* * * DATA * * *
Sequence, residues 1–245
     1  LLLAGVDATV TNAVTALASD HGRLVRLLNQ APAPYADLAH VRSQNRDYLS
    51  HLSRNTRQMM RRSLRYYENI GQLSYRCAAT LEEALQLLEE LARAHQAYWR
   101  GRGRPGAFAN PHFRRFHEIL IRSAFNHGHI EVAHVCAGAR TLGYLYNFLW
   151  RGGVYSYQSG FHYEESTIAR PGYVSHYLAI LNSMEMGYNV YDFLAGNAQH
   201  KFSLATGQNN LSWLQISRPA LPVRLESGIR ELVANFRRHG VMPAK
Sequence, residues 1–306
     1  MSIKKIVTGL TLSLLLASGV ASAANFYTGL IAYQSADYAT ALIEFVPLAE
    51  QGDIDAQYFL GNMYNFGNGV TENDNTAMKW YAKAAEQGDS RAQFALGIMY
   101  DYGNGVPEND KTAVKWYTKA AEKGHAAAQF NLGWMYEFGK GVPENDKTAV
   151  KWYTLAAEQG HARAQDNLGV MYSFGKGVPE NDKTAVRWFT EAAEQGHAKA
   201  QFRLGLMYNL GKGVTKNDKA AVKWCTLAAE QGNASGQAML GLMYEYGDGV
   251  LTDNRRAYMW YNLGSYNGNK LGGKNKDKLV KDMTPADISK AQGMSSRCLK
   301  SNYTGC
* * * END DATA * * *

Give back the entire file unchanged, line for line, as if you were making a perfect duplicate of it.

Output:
Sequence, residues 1–245
     1  LLLAGVDATV TNAVTALASD HGRLVRLLNQ APAPYADLAH VRSQNRDYLS
    51  HLSRNTRQMM RRSLRYYENI GQLSYRCAAT LEEALQLLEE LARAHQAYWR
   101  GRGRPGAFAN PHFRRFHEIL IRSAFNHGHI EVAHVCAGAR TLGYLYNFLW
   151  RGGVYSYQSG FHYEESTIAR PGYVSHYLAI LNSMEMGYNV YDFLAGNAQH
   201  KFSLATGQNN LSWLQISRPA LPVRLESGIR ELVANFRRHG VMPAK
Sequence, residues 1–306
     1  MSIKKIVTGL TLSLLLASGV ASAANFYTGL IAYQSADYAT ALIEFVPLAE
    51  QGDIDAQYFL GNMYNFGNGV TENDNTAMKW YAKAAEQGDS RAQFALGIMY
   101  DYGNGVPEND KTAVKWYTKA AEKGHAAAQF NLGWMYEFGK GVPENDKTAV
   151  KWYTLAAEQG HARAQDNLGV MYSFGKGVPE NDKTAVRWFT EAAEQGHAKA
   201  QFRLGLMYNL GKGVTKNDKA AVKWCTLAAE QGNASGQAML GLMYEYGDGV
   251  LTDNRRAYMW YNLGSYNGNK LGGKNKDKLV KDMTPADISK AQGMSSRCLK
   301  SNYTGC